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Tamil (South Indian) Mixed-Legume Pancakes - Adai

 

Full disclosure: I am a serious fan of Indian food.  I especially like making dishes that you don't ordinarily find on restaurant menus.  Dosai (rice and lentil crepes) occasionally show up here and there, but they're mostly a sort of thing you make at home.  Dosai are thin and crispy, with a slightly sour edge from letting the batter ferment for a day.  Adai are dosai's burlier cousin: thicker, with no sourness, and usually made with a mix of lentils, chickpeas, beans and rice. Now, I'm doing Slow Carb, so I can't eat rice in any form.  The adai still turn out perfectly fine.  You can use brown rice or oats instead of white rice, and these will still be good.

 

One essential ingredient is urad dal, or split skinless matpe beans.  You can get them online or any specialty Indian grocery store.  When cooked, urad dal have a thick, almost gluey consistency which helps hold the batter together.  As far as the other ingredients go, the sky's the limit: brown lentils, red lentils, split peas, blackeyed peas, chickpeas, black beans, mung beans, whatever you have lying around or have a particular hankering for.

 

Ingredients:

 

1 cup raw long-grain rice

1/2 cup urad dal (if not using rice, increase to 1 cup)

1/2 cup red lentils (masoor dal)

1/4 cup dry chickpeas

1/2 cup split peas

 

Soak the rice (if using) and the legumes separately in fresh, cold water for eight hours or overnight.  Drain them and rinse them completely, then grind them in a blender or food processor.  Drizzle in some water as you go until the mixture forms a thick batter, about like pancake batter.

 

At this point you can add spices: sriracha, curry powder, salt (of course), fenugreek, ground cumin or coriander, whatever.  A lot of recipes add raw shallots or chopped scallion,  fresh chiles, and grated coconut.  Blend this all up again, then pour into a container for storage. 

 

Heat about a tablespoon of olive oil or clarified butter in a nonstick pan, then pour in about 1/4 cup of batter. Spread it around so it's even, then cover the pan.  The steam will cook the lentils and other ingredients while the bottom gets crispy.  After about two minutes, carefully loosen the adai with a spatula and turn it to cook the other side.  Cover again, wait about two minutes, then serve.  The batter keeps for a week in the fridge, and only gets better with age.  I eat them for breakfast with a couple of eggs and a little salsa  Great stuff!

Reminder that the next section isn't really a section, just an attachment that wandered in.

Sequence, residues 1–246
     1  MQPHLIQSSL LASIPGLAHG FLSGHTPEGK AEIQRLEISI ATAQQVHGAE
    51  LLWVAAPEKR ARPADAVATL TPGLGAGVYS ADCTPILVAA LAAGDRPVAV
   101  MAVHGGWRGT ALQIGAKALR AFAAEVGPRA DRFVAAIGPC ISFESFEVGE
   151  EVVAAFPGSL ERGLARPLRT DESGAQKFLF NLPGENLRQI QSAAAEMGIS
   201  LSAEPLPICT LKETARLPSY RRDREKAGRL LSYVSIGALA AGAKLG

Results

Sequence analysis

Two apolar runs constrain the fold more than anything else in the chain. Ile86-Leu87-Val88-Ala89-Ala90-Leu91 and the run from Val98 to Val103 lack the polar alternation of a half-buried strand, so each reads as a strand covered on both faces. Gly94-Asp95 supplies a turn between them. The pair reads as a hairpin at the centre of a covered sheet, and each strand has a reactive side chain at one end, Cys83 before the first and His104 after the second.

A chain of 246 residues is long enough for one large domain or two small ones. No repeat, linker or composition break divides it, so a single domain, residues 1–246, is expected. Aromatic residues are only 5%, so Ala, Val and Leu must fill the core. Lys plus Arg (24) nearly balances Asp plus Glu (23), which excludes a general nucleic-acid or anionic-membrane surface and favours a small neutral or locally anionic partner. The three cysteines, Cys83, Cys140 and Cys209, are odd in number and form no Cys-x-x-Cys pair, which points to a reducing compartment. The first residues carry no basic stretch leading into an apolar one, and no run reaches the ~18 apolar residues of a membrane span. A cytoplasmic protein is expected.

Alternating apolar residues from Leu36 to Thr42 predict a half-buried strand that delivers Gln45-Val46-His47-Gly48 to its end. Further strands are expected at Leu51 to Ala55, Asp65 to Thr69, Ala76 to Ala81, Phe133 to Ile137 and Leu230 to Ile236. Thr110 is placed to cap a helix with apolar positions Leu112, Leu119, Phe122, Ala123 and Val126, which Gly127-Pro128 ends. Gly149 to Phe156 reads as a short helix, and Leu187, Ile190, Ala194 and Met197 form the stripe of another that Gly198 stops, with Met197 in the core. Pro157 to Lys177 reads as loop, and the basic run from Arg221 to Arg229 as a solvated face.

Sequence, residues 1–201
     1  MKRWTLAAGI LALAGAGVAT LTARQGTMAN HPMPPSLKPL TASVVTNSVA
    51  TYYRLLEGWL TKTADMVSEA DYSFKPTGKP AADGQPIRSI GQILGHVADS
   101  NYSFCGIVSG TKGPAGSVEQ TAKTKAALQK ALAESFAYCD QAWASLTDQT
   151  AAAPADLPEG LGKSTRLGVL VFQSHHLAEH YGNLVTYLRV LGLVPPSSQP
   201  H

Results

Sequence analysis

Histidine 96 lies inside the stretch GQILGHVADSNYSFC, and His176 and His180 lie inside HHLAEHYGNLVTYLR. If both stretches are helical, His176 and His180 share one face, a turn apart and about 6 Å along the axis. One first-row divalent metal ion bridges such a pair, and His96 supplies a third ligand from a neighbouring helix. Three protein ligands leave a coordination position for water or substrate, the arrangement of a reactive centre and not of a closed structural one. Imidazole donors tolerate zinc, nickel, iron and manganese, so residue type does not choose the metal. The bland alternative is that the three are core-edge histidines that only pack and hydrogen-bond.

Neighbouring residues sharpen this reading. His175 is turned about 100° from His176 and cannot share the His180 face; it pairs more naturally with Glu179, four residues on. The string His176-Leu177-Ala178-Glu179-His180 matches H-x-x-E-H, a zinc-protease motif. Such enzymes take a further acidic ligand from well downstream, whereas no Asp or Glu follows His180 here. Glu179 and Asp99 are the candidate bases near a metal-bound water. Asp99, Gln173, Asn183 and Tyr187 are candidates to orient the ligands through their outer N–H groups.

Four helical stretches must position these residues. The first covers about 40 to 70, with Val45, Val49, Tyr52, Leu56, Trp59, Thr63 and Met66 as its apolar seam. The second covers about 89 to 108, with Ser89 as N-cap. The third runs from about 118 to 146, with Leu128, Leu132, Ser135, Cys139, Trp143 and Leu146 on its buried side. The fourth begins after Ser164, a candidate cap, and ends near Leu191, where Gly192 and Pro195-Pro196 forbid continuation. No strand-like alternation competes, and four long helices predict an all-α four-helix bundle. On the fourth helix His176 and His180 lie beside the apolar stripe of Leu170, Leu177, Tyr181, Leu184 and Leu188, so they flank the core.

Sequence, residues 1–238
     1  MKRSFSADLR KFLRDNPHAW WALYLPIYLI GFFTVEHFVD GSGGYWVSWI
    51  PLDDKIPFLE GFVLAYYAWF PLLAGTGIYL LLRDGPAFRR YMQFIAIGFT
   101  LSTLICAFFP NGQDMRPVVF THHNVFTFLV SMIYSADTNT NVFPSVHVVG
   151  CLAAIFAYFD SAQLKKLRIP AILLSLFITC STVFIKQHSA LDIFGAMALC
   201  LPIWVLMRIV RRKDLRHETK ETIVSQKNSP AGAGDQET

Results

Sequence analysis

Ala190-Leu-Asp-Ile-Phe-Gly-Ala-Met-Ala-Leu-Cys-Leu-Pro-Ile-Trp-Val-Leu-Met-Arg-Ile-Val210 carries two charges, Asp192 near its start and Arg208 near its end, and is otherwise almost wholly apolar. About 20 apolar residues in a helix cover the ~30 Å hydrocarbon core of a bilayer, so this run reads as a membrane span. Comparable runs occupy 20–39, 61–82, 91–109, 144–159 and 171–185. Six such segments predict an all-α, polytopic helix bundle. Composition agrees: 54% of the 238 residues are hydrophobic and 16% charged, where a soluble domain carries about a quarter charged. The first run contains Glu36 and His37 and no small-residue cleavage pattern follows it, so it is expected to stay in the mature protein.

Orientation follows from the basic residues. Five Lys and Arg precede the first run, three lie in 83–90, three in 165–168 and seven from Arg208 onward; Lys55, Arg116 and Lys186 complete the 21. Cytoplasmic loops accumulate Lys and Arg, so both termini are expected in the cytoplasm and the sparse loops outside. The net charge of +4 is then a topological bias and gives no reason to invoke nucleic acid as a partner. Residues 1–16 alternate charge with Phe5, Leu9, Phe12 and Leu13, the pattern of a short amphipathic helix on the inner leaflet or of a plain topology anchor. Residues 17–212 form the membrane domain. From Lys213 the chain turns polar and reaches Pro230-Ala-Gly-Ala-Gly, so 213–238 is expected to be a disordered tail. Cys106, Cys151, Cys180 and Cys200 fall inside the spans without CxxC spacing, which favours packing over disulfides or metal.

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"If you get into trouble, you can always eat something, blow something up, or throw penguins." - Jim Henson

 

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Tamil (South Indian) Mixed-Legume Pancakes - Adai

 

Great stuff!

 

i am so excited to try this recipe! i just need to find a store that stocks Indian foods . . .

 

Oh, incidentally, living in the land of short-grain rice, and asking of a slow-carber, what substitute (if any) do you use for Basmati when eating your curries &c?

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i am so excited to try this recipe! i just need to find a store that stocks Indian foods . . .

 

Oh, incidentally, living in the land of short-grain rice, and asking of a slow-carber, what substitute (if any) do you use for Basmati when eating your curries &c?

A lot of times I just forgo rice entirely.  Cauliflower rice is a good substitute (grated raw cauliflower, steamed in a pan with a little water), but given the price of fresh raw cauliflower, it's cheaper to just leave out the rice.  The adai are great for sopping up sauces anyway. 

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"If you get into trouble, you can always eat something, blow something up, or throw penguins." - Jim Henson

 

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A lot of times I just forgo rice entirely.  Cauliflower rice is a good substitute (grated raw cauliflower, steamed in a pan with a little water), but given the price of fresh raw cauliflower, it's cheaper to just leave out the rice.  The adai are great for sopping up sauces anyway. 

Thanks! i am so excited! I love cooking, I love Indian food, I love legumes, and i love things that can be made ahead and stored in the fridge! 

 

I also love pith helmets, so your avatar makes me very happy. 

 

 

 . . . whoah! I just looked up "Major Bloodnok"! Peter Sellers surrealist radio comedy? I am so there! Maybe i can find podcasts to listen to on hikes and runs! 

 

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Tzippi Longstockings, level 9 Ranger/Monk 

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Ah, let's not forget Spike Milligan, Harry Secombe, and Michael Bentine!  Spike did a lot of the writing for the Goon Show, and he was the voice for Major Bloodnok.  Dennis Bloodnok is a corrupt military cad, pervert and idiot, a complete and utter coward who will sell out anyone for money.  He was apparently inspired by some Army Majors he'd known growing up in India.  You can download one free episode per month at http://www.thegoonshow.net, and there are any number of full episodes available on Youtube.  (I wouldn't suggest listening to episodes while running; you'll hurt yourself.)

 

In the meantime, check this out: https://www.youtube.com/watch?v=JOqhRx_11Rg

 

You'll never look at Daleks (or curry) the same way.

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"If you get into trouble, you can always eat something, blow something up, or throw penguins." - Jim Henson